Labour shortage is a word that is heard often these days and that's a signal that more disadvantaged people will be mobilized into these positions. I have yet to see an equity program that includes women in a discussion about her socialization process. Those who design programs for women in trades often focus on nutrition, upper body strength and maybe exposure to the trades. But they fail to give women what they really need - a chance to reflect upon where they came from and where they are going.

I often tell people that if they were going to climb Mt. Everest, they would train and acclimtize for that environment - the same can be said for women entering the trades - there are norms here that we are not familiar with - learn what they are. Learn the norms that we've already bought into. Be courageous enough to challenge our own assumptions so that at the end of the day we can be tradeswomen and not just women in trades.

Back in my day we heard the men complain "Why do you get paid the same as I do but I have to tell you what to do?" This phrase speaks volumes about socialization. If a woman expects to get paid the same as a man gets paid, it's important that she be made aware of the expectation that she step up her game.

There's also another clear danger for women in trades brought on by lack of preparation - getting stuck in work that is traditionally women's work in the home. In the mechanic trade, that might mean doing service work - oil changes and preventive maintenance as opposed to the more choice work of diagnostics and percission rebuild. It happens all the time. It is done in a sneaky fashion also to make it look like they are doing you a favour by giving you the lighter work. Awareness goes a long way.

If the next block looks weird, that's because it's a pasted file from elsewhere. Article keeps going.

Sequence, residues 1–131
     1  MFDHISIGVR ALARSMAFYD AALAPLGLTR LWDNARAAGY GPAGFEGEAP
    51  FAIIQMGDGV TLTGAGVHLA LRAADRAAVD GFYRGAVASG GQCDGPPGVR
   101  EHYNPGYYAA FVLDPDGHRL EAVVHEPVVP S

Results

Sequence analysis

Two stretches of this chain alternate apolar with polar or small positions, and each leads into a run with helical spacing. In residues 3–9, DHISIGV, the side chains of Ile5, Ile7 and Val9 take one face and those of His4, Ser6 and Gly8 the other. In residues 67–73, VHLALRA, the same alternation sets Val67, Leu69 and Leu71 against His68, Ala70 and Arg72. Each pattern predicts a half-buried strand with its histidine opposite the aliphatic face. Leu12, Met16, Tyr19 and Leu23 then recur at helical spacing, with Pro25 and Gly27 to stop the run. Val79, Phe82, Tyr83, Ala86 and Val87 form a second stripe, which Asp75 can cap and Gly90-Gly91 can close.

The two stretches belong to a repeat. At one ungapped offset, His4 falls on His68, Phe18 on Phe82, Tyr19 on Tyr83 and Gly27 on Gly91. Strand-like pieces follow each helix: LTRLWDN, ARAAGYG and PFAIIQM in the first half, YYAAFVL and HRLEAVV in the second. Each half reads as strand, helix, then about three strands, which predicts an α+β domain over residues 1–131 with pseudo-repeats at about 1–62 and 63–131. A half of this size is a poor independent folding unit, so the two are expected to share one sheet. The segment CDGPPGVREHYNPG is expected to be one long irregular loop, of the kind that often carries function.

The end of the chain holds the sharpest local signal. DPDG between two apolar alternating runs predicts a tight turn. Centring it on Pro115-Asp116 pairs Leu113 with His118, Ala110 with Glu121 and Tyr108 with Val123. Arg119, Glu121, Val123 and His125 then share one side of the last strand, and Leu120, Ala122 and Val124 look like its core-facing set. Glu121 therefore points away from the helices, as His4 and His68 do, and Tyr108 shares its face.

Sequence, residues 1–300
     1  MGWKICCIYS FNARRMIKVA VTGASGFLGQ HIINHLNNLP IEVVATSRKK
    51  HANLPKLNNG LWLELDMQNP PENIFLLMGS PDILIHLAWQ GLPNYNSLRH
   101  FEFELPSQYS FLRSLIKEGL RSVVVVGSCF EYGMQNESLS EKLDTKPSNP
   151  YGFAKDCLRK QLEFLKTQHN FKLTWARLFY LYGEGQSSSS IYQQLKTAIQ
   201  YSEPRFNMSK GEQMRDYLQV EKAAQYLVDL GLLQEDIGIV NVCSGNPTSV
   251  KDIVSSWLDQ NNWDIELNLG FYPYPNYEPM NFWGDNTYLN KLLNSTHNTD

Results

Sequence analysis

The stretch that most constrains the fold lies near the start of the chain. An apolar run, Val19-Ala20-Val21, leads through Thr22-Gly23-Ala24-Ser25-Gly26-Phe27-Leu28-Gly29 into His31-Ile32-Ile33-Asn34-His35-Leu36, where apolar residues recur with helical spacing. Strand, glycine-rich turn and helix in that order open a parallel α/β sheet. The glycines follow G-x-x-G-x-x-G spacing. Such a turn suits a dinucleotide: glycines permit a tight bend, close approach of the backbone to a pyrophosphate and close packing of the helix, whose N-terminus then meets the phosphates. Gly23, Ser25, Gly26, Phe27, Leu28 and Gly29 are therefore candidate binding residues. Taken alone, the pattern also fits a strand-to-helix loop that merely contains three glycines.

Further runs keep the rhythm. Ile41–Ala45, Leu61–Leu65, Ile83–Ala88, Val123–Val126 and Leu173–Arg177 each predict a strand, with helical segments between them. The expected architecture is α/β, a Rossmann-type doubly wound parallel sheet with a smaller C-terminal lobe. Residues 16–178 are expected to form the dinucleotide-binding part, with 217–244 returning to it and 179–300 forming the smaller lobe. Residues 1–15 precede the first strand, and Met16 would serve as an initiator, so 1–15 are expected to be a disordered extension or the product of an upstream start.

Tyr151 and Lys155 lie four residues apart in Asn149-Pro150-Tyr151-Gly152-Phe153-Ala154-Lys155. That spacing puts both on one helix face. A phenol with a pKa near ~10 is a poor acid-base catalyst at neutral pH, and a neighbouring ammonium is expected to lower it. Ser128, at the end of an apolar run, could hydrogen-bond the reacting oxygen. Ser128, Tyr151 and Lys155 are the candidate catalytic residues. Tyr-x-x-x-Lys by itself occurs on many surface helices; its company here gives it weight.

The remedy lies in new training - learning new ways of doing things.

Socialization is not a one time process - you can reinvent yourself at any point - it's a "continuing process" meaning that it is never completed - keep that in mind as you begin your new journey.

5 July 2011

Women's Worlds

You know that little voice in your head that pops up at the oddest times and decides to have a bit of a conversation with you. Well, mine dropped by today - while I was sitting on a panel at the Women's Worlds 2011 Conference listening to a fellow panelist. Out of the blue, this little voice said...

"Pssst, hey Debs....how the heck did we end up here?" Yes, the cheeky little chatterbox has the audacity to call me Debs. But we're kind of close so I allow it.

HOW DID I GET HERE????? Yikes!!!

I am part of a panel of three women.

Dr. Hei-Hui You from a university in Taiwan.
Gendered Learning in Departments of Physical Education

Dr. Maria Teresa M Rubio from Guam,
Five Women Leaders and Their Perceptions of Empowerment

The power of the narrative - I outlined my own journey in education as first an apprentice and then through university to finally land in a place where I am helping other women succeed in the non-traditional sector. I spoke about what I know - overcoming obstacles to get where we really want to be and I did it the only way I know how - with heart and Newfoundland humour. I have no desire to be all polished and proper as a speaker - I like to engage people to challenge their own assumptions and to get out of their own way to achieve what they want. In my experience, this type of work requires that you take off the gloves - the kid gloves I mean.

Work in the trades is very rewarding and in case you haven't heard, you can make a decent chunk of change there, but let's face it - we're not exactly always welcome. The gentle approach doesn't work all the time. Sometimes we have to spice it up. When I was at law school, I learned the term "The iron hand in the velvet glove" - I like this phrase a lot..that's what women are good at - delivering a powerful message with the gentleness of velvet - ok, so maybe you're not great at it yet, but you can be...right???? right??? Oh, ya...............

It was a great day - lots of knowledge, lots of fellowship and appreciation for one another's work. What a wonderful opportunity we have here - I'm honoured...yes, I am.

It's a moment in time that I'll cherish forever.